One thing you are sure to notice while visiting Guernsey is that reminders of its intriguing past are all around. Our island’s rich and turbulent history is impressively preserved.
As well as historical intrigue, Guernsey also offers unforgettable views and a handy network of lanes and pathways for you to explore, meaning the best way to discover the island’s history is on foot.
Relics of Guernsey’s earliest years can be found in the north of the island. The common at L’Ancresse is home to several sites dating back to the Neolithic period of 4,500 BC to 1,800 BC, including Les Fouaillages burial mound, and La Varde passage grave.
The common is also home to several loophole towers built to deter French invasion during the 18th and 19th centuries, as well as many reinforcements made during the German Occupation during WWII.
Situated in the parish of Vale, the area once formed a separate island known as Braye du Valle, before the channel was filled in to make it easier to defend. The common itself is criss-crossed by paths and also offers fantastic coastal views, making it a perfect place for walkers to explore.
Many of Guernsey’s most popular sandy beaches are situated on the west coast. While that makes it a hotspot for visitors, it also made it a focal point for those trying to defend the island in years gone by. The bays were considered ideal landing points for attacking forces, and as a result, many of these golden stretches of sand are guarded by fortifications.
Nowadays, this combination of fascinating historic sites and beautiful beaches makes for a great day out on foot. Find your perfect balance between exploration and relaxation, and feel free to cool down with a dip in the sea afterwards! The west coast is served by continuous pedestrian paths, allowing you to navigate without any hassle, and also hosts many great eateries along the way.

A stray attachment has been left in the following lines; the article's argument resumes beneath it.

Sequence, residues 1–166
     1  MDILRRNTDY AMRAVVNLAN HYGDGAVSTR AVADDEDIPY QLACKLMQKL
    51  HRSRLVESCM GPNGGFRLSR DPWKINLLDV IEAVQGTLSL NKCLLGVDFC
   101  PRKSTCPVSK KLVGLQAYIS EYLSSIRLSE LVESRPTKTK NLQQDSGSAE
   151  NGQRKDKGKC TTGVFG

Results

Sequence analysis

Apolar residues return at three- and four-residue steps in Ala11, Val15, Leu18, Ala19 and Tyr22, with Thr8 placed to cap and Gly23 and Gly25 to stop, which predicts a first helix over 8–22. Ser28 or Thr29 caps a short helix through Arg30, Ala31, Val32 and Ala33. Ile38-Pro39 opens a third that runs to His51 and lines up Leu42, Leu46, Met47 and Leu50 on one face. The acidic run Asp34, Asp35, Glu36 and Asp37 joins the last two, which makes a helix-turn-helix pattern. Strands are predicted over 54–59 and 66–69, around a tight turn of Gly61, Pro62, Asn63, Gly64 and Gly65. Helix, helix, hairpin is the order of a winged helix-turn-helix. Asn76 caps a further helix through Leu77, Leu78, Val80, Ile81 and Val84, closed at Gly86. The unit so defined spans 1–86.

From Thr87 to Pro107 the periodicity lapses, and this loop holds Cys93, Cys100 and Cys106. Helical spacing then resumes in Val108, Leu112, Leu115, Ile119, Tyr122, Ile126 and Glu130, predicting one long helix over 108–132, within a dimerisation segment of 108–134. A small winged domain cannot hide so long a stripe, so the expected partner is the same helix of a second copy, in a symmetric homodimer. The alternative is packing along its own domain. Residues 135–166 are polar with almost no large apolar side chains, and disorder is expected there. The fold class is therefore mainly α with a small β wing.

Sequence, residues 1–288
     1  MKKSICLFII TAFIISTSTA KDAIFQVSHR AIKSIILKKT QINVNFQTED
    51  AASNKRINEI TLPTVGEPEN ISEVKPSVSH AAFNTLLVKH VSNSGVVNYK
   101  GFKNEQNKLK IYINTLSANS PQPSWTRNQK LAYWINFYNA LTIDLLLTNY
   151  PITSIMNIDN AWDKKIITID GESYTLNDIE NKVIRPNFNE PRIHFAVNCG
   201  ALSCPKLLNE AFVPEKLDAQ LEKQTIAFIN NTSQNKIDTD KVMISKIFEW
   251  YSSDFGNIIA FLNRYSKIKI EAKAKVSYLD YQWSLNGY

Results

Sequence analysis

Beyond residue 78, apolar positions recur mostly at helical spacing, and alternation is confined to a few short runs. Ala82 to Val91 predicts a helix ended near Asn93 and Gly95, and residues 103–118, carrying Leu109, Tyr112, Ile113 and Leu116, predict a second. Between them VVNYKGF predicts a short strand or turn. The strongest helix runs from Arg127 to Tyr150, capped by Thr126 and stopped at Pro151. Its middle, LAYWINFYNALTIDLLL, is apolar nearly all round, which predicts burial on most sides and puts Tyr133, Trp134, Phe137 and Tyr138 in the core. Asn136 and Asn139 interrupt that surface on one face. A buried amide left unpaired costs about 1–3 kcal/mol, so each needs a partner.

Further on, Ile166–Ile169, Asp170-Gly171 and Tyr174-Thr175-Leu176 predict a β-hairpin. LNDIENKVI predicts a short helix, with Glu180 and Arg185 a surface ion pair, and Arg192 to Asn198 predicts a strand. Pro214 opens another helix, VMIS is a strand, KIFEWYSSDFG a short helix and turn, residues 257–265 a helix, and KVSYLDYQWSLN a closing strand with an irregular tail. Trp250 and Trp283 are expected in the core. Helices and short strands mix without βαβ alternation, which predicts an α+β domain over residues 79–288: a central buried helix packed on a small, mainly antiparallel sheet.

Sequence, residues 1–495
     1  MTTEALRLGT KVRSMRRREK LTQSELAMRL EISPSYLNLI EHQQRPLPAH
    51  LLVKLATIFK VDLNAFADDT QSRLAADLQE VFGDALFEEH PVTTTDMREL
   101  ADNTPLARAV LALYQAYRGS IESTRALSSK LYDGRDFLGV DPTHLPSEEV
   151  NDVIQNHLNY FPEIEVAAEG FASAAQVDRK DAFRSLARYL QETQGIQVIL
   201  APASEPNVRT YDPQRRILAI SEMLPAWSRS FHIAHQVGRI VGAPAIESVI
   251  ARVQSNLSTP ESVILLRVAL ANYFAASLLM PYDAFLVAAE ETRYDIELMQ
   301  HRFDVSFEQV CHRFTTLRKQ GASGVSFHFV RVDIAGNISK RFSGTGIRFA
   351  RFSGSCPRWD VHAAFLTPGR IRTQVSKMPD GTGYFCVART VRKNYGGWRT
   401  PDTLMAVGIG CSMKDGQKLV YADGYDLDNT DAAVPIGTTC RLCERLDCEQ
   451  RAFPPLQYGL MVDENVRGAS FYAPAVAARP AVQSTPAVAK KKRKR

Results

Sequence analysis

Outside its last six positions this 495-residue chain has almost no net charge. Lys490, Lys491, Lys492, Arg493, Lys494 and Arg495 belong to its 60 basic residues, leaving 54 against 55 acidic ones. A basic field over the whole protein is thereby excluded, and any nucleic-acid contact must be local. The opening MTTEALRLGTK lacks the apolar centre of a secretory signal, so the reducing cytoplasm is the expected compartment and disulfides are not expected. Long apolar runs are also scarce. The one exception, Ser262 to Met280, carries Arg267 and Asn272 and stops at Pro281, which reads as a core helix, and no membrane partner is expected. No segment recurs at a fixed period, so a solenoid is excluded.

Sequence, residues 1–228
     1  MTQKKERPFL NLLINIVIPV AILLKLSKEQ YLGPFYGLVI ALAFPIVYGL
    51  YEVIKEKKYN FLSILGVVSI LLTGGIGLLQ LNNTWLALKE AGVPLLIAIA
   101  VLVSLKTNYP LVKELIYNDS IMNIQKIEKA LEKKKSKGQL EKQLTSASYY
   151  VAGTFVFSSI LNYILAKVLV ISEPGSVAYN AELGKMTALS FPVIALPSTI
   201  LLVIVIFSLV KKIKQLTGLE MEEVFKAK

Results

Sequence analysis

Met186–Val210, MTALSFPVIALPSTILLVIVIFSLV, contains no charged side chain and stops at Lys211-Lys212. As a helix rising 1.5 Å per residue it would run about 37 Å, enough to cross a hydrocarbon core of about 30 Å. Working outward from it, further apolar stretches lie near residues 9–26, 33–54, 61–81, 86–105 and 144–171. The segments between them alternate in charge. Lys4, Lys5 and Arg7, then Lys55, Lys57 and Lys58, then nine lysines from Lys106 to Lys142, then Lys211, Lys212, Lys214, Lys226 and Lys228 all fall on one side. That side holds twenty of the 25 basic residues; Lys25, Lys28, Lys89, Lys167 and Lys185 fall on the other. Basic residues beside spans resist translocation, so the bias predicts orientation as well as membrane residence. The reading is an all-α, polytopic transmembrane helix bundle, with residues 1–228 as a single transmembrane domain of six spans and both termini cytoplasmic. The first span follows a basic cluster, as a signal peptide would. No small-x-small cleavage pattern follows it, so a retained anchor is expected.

There’s much more than meets the eye to Guernsey’s charming capital; a pretty harbour town steeped in fascinating history. From bombings and witch trials to legendary writers and famous churches, there is a near-endless amount of historic sites for you to explore during a walk along St Peter Port’s cobbled streets.
Overlooking the town is the imposing structure of Castle Cornet, a fortification with more than 800 years of history, and now home to five museums and four period gardens. From there you can head south to discover the defences at Clarence Battery, or inland to the stunning Candie Gardens or the house of Les Misérables author Victor Hugo at Hauteville. The compact nature of the town means it is ideally explored on foot.
You may wish to use a tour guide to get the most out of your St Peter Port discovery; there are dozens of knowledgeable accredited guides who know the ins and outs of the town, and can’t wait to share its secrets with you.
Want to discover Guernsey’s fascinating history? Plan your walking holiday today!